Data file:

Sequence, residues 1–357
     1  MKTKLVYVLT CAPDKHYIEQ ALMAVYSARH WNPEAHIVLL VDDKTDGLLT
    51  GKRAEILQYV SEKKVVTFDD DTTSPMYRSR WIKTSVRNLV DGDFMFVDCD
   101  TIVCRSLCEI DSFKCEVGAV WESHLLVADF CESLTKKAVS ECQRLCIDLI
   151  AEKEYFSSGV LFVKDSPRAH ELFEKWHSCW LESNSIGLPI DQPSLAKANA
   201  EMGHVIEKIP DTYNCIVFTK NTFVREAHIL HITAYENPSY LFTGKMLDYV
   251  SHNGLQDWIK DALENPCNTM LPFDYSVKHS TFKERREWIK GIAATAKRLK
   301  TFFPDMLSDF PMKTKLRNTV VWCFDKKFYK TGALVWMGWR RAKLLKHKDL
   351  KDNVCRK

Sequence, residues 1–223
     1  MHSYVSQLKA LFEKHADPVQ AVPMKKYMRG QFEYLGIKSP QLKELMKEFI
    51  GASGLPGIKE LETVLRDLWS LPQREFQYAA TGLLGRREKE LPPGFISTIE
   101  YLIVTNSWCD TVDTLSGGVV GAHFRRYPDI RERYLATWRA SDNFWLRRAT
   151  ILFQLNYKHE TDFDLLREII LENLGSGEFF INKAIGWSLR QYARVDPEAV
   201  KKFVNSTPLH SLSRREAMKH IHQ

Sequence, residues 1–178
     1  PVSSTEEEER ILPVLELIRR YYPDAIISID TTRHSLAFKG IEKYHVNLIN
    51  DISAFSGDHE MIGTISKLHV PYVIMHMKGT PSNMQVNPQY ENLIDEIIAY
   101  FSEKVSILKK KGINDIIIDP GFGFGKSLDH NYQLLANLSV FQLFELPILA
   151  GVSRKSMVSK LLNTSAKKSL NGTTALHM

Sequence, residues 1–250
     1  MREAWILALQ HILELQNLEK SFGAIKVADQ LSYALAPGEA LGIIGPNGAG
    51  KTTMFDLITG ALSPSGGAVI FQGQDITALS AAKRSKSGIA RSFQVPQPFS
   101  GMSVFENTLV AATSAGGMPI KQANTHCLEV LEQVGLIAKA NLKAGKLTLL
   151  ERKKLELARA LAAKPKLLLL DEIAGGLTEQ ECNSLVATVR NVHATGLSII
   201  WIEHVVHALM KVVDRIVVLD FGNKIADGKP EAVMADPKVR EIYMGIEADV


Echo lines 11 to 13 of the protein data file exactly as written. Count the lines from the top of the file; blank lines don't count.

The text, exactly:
     1  MHSYVSQLKA LFEKHADPVQ AVPMKKYMRG QFEYLGIKSP QLKELMKEFI
    51  GASGLPGIKE LETVLRDLWS LPQREFQYAA TGLLGRREKE LPPGFISTIE
   101  YLIVTNSWCD TVDTLSGGVV GAHFRRYPDI RERYLATWRA SDNFWLRRAT